Hitachi trains fail after beating Derbys Bombardier to £7.5bn deal – Derbyshire Live

High-speed trains withdrawn from service after cracks appeared had been affected by fatigue and stress corrosion, according to a new report.

The trains were built as part of the Government’s £7.5 billion Intercity Express Programme (IEP), awarded to Agility Trains, headed by Hitachi, back in 2009.

The contract had largely been expected to come to Britain’s only remaining train-maker Bombardier, based in Derby.

Problems with the the Hitachi Class 800 trains and 385 series trains were found on trains used by Great Western Railway (GWR) and London North Eastern Railway (LNER) in May.

Losing the Intercity Express Programme began a period of uncertainty for the Derby firm and its workers after the company was invited to bid for the £1.4 billion Thameslink contract and also failed to get that in 2011 as it went to German company Siemens.

There were then fears Bombardier, now Alstom, would leave the country.

This led to job losses at the Derby firm and a campaign called Change Track being launched by the Derby Telegraph which resulted in 10,000 people marching to a rally in Derby, a 50,000 name petition and hundreds of Bombardier workers descending on the Houses of Parliament.

After two years of uncertainty and Prime Minister David Cameron twice visiting the city, the company decided to stay in Derby and job losses on a major scale were averted.

Hitachi's assembly facility at Newton Aycliffe, County Durham
This is where the trains were built in Newton Aycliffe, County Durham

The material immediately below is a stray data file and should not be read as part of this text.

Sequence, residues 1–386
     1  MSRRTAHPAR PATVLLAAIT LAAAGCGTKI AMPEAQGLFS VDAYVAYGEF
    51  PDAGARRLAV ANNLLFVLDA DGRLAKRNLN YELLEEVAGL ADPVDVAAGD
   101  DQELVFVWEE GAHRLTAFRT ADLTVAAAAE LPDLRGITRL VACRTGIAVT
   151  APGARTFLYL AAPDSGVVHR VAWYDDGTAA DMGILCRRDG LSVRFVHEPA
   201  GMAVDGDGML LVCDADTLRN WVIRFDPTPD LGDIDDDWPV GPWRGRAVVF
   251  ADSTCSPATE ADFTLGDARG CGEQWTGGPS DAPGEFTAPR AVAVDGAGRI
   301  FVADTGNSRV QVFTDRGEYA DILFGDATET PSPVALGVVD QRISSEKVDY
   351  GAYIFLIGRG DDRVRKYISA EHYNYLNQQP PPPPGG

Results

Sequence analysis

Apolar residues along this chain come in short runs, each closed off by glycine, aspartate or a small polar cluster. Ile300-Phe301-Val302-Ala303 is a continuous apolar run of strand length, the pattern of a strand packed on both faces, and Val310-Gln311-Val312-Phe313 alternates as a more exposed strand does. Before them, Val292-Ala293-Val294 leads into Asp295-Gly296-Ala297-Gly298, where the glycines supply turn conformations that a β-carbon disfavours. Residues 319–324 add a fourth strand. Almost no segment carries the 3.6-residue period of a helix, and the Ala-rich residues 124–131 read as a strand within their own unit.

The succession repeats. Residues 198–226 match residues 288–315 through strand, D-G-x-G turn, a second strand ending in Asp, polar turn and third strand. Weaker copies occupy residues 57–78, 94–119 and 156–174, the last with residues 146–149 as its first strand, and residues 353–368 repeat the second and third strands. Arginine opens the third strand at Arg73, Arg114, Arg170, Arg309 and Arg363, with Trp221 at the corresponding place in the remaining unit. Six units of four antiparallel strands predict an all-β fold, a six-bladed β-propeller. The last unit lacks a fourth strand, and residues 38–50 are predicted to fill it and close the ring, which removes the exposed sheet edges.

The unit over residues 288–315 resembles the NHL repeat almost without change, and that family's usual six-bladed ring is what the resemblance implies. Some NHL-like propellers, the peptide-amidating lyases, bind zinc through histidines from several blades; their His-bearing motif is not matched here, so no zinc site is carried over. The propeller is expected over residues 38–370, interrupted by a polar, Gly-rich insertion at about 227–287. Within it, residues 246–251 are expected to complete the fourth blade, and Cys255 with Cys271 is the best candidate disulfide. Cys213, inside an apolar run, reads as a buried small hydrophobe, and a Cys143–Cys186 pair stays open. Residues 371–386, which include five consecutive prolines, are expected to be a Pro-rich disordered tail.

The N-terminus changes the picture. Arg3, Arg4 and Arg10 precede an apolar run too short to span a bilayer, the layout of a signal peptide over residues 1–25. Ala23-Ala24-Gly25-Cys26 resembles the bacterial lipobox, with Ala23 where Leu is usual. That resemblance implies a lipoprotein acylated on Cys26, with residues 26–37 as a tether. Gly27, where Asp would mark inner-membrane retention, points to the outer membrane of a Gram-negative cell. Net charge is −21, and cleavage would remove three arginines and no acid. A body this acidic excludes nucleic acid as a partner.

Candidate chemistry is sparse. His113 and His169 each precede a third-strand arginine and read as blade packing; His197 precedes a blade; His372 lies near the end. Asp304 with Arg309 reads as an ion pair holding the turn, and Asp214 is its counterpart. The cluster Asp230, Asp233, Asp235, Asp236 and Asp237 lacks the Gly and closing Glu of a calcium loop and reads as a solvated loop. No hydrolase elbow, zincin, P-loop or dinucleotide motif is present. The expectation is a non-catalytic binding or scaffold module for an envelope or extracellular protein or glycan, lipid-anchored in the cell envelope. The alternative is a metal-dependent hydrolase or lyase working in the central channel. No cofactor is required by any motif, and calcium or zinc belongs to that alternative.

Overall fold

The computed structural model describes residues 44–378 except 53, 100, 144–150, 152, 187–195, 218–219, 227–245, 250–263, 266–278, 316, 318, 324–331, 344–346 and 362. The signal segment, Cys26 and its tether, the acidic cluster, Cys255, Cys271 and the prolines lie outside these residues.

The cause of the cracking in the Hitachi trains will not be revealed until December, according to the report produced by the Office of Rail and Road (ORR).

The 800 class trains finally came into service on the Great Western Main Line in October 2017.

The ORR report said the cracks found in the trains’ lifting plate were the result of stress corrosion, and yaw dumper cracks were a result of fatigue.

It added the industry moved quickly to withdraw the trains once the problem was identified, and trains were able to return to service and have performed as expected with no unsafe conditions or harm arising from cracking.

ORR chief inspector of railways Ian Prosser said: “I welcome the good collaboration that has taken place since this issue arose. We are continuing to work with all parties to determine the root cause and will publish our final report in December.”

The trains were assembled at the Hitachi factory in Newton Aycliffe County Durham.

In an interesting twist in 2018, Bombardier and Hitachi missed out on a £1.5 billion contract to design and build new trains for the London Underground.

The joint venture between the Litchurch Lane firm and Japanese manufacturer had been in the running to build the 94 trains destined for the Piccadilly Line.

But Transport for London (TfL) announced that it would be awarding the contract, part of its Deep Tube Upgrade Programme, to Siemens.

French company Alstom bought out Bombardier Transportation division earlier this year.

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